Biblical Love

First Corinthians 13:4–7 is a list of fifteen specific actions that love performs on behalf of other believers. That should immediately dispel the notion that love is primarily a feeling or an emotion. Although true love will carry emotion with it sometimes, feeling is not a necessary ingredient of love, nor is it the basis. Therefore, biblical love is not a feeling: it’s an action.1

A blog named after love has a duty to define love correctly. Or at least, this blog-named-after-love does. The above statement, which I got out of a high school Bible textbook, is not the definition this blog will put forward. Instead it’s a good example of why the meaning of love has become a (the?) major theological theme of this blog.

Let’s examine the author’s claim that the Love Chapter should dispel the very notions I’ve tried to promote on βλογάπη.

Most simply, I would argue that the passage he cites makes it clear that love is not an action. Take it away, D. A. Carson:

Though some have attempted to strip God’s love of affective content, making it no more than willed commitment to the other’s good, the philology does not support this view, nor does 1 Corinthians 13, where the apostle insists it is possible to deploy the most stupendous altruism without love.2

Remember that part of the passage?

If I give away all I have, and if I deliver up my body to be burned, but have not love, I gain nothing. (ESV)

Giving away all you have and delivering your body to be burned are actions, good actions, good actions that can be performed without love. So love must be something different from apparently good actions. Love, Paul is saying, is the one righteous motivator for actions, the only motivation that makes actions count as “good.”

Even if 1 Corinthians 13 made love an action, several of the verbs Paul uses to describe love are emotions: love rejoices (2x) and hopes.

I think that the author of the comment at the top of this post knew better than to banish emotion from love, because he followed up his comment with this: “As we examine each of these actions [in 1 Cor. 13], we need to humbly inspect our own hearts to see if we truly love other members of Christ’s church.” If love were an action, we wouldn’t need to inspect our hearts. If we were performing the action, we’d know—no cardiogram necessary.

Love may not be “a feeling,” full stop. But it’s something internal. It’s, as Edwards would say, an inclination of the soul. It’s a delight and a pleasure. It’s a bent. It’s a fruit of the Spirit’s work in the Christian. It’s a lot of things, but it’s not an action.

I hope I’ve undispelled a notion for you today. May God help you and me love Him with all our hearts. It will require His power.

_________________

1. Don’t ask.

2. “God’s Love and God’s Sovereignty,” Bibliotheca Sacra 156: 623 (July 1999), p. 259.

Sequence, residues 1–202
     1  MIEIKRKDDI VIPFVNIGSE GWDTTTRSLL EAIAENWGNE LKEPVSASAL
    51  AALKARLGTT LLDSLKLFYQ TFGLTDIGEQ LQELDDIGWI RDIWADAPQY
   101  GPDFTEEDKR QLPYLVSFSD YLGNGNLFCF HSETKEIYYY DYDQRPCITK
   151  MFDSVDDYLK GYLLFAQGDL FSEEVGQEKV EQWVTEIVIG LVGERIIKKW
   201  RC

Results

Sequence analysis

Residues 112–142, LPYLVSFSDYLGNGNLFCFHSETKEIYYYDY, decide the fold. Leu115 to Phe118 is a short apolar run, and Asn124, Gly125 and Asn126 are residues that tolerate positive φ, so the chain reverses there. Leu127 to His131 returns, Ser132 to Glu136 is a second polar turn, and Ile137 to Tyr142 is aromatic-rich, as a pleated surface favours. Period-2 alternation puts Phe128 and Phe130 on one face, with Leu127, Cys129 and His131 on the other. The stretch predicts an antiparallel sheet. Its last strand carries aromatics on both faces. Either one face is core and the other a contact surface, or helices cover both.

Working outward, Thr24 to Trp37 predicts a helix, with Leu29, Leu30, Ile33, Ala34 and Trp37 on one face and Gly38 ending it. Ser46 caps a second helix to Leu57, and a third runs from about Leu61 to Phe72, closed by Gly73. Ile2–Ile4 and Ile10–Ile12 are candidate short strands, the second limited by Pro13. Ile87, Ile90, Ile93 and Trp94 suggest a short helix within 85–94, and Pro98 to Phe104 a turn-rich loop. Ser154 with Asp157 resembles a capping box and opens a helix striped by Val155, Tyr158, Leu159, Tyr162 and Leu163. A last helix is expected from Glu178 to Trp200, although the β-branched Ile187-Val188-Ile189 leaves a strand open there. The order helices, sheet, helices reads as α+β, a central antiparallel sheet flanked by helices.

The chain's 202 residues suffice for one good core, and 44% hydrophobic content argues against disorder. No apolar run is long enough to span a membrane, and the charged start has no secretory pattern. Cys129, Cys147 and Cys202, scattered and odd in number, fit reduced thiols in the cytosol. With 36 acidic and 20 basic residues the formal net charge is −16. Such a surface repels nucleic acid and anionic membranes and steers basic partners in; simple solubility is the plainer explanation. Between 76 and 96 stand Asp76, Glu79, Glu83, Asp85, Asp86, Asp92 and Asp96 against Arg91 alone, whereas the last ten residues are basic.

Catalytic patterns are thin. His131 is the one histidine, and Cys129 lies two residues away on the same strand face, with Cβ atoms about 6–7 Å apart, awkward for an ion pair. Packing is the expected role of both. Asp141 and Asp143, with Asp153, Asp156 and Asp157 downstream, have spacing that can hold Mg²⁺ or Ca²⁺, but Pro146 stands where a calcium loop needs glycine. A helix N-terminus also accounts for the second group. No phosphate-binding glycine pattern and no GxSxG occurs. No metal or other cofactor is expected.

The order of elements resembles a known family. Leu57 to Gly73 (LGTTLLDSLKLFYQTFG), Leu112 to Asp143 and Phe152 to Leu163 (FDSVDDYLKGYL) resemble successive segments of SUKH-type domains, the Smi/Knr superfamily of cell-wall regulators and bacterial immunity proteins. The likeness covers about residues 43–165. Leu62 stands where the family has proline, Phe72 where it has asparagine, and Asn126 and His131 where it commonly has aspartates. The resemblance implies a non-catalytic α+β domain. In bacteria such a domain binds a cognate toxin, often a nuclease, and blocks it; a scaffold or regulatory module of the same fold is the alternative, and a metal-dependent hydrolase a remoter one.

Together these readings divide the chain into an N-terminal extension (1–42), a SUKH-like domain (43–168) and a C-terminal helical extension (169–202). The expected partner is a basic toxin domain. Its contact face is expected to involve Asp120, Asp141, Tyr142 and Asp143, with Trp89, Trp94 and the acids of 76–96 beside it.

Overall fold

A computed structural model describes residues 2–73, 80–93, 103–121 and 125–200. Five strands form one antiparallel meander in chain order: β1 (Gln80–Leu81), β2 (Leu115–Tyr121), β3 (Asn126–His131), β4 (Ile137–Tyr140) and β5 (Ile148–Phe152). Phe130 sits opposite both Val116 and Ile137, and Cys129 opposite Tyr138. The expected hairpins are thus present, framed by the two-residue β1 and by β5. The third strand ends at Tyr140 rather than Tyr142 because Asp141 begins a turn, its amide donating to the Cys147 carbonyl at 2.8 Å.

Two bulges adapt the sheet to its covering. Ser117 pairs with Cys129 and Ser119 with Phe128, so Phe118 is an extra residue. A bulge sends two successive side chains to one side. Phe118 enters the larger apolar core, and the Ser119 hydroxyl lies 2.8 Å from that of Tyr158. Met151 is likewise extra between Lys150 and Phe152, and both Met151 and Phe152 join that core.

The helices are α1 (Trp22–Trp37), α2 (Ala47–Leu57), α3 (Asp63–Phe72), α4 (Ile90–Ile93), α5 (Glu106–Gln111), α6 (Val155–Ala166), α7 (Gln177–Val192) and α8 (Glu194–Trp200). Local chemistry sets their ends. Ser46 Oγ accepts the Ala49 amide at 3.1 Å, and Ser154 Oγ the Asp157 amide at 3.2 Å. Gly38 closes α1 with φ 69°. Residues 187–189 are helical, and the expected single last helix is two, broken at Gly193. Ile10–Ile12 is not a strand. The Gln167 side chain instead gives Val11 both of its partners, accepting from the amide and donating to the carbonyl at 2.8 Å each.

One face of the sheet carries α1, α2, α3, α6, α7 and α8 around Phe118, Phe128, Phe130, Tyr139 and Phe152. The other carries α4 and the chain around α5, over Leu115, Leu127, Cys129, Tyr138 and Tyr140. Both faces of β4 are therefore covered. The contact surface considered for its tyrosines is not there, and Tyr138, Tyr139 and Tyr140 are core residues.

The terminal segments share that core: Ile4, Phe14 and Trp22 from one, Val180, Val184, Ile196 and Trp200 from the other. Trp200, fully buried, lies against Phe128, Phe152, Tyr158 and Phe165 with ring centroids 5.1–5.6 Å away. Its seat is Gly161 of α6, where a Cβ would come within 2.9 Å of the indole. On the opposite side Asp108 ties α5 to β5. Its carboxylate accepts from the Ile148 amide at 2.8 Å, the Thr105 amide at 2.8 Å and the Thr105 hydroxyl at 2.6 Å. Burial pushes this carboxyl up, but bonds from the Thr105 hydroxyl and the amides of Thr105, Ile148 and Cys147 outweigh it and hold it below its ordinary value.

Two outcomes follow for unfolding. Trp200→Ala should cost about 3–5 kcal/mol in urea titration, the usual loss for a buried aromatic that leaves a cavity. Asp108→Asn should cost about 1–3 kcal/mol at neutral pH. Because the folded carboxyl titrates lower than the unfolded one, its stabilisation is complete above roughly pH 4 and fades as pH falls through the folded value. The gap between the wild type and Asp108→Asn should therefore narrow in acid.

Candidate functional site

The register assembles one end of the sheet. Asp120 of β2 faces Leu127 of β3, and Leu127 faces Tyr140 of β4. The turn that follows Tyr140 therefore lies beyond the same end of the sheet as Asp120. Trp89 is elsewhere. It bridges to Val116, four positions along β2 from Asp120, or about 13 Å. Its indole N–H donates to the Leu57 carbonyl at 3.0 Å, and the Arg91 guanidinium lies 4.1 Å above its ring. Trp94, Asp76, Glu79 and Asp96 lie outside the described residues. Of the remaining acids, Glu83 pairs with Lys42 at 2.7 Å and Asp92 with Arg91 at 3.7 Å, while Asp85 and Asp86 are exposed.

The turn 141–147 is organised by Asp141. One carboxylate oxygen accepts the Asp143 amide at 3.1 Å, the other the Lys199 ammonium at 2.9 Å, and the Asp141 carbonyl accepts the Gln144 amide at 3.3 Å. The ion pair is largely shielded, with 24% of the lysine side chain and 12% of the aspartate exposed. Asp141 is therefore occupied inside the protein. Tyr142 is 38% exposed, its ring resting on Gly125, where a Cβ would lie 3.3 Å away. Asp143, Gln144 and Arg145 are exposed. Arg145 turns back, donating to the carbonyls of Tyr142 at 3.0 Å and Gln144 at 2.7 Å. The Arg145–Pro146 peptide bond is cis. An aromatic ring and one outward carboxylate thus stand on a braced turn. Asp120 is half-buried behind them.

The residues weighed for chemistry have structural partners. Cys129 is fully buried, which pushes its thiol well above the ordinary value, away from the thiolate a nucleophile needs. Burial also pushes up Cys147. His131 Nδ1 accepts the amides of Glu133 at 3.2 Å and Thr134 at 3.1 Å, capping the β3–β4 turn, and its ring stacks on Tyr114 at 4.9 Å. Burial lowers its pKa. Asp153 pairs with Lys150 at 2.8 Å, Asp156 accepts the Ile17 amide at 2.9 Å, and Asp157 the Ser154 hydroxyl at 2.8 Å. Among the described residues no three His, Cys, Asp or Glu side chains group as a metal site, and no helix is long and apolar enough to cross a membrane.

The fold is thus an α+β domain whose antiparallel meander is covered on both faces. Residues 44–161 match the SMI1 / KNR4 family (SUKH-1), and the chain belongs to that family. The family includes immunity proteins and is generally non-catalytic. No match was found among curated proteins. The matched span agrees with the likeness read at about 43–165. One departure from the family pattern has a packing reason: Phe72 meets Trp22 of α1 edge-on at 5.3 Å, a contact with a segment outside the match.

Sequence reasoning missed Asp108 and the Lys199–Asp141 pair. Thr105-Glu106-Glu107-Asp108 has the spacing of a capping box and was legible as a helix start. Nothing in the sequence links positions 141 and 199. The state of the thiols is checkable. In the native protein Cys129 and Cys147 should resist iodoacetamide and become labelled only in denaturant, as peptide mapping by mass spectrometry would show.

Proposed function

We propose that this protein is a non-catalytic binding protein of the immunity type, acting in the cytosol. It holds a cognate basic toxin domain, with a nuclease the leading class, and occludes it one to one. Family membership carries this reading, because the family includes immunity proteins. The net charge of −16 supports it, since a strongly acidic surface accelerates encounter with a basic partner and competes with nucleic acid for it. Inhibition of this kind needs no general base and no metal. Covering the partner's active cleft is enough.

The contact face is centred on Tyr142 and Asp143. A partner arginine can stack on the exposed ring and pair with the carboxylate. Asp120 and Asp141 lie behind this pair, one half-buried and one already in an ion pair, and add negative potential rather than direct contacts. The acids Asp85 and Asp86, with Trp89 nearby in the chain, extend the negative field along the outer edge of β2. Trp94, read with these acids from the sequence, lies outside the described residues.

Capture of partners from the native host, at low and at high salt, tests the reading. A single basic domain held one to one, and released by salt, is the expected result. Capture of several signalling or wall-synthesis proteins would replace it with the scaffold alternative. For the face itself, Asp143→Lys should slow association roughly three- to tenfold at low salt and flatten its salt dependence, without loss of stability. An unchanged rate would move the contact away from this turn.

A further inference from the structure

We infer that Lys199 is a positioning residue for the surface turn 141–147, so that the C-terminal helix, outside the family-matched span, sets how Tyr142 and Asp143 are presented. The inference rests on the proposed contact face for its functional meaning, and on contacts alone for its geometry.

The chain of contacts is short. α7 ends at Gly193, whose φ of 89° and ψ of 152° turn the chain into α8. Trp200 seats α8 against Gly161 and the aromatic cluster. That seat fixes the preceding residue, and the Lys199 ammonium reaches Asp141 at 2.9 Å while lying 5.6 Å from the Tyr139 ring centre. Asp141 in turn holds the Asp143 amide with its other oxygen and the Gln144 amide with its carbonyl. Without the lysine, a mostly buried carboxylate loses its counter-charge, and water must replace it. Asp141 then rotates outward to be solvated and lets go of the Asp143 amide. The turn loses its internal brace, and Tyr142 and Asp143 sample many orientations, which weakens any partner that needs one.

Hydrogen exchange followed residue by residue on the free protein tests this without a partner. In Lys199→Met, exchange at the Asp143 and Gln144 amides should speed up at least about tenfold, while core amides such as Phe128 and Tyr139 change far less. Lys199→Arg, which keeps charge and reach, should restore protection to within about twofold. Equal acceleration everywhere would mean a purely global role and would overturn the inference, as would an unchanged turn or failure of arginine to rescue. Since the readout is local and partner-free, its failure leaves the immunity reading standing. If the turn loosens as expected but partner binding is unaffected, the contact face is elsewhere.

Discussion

Author: Mark Ward

PhD in NT; theological writer for Faithlife; former high school Bible textbook author for BJU Press; husband; father; ultimate frisbee player; member of the body of Christ.

5 thoughts on “Biblical Love”

  1. I have defined agape love as an act of the will for a long time. I haven’t done a comprehensive study for a while, but tonight took a quick look at the verbs agapaw and philew in the NT. Agapaw appears as an imperative 10 times in the NT. Philew never appears as an imperative. I don’t recall if there are any other synonyms used in the NT.

    In any case, it appears that agapaw, at least, is addressed to the will and is something the will can do, whereas philew is not.

    While I wouldn’t want to say that there is no emotional component to agapaw, I have always contended that its first component is the decision of the will without regard for any response in return. I think the usage in Scripture bears that out.

    Maranatha!
    Don Johnson
    Jer 33.3

  2. Don,

    I would argue (and I think Mark would agree) that affections (like love) are certainly components of the will, but that does not make them actions per se.

    And I would also clarify that feelings (I don’t like to use the word “emotion,” because it’s so imprecise) certainly never define affections, but they’ll always be present to some degree or another.

    So you’re right, I think, to insist that the will is involved here. But the fact is that we will never act merely upon intellectual knowledge. It is always affections that move the will to act upon that knowledge.

  3. Hi Scott (and Mark)

    I think a lot of confusion in this discussion involves the terms used. While I appreciate what you try to do with the distinction between affections and emotions, I think the distinction is less clear than you make it.

    I’ll say more in the post where Mark gave me a starring role!

    Maranatha!
    Don Johnson
    Jer 33.3

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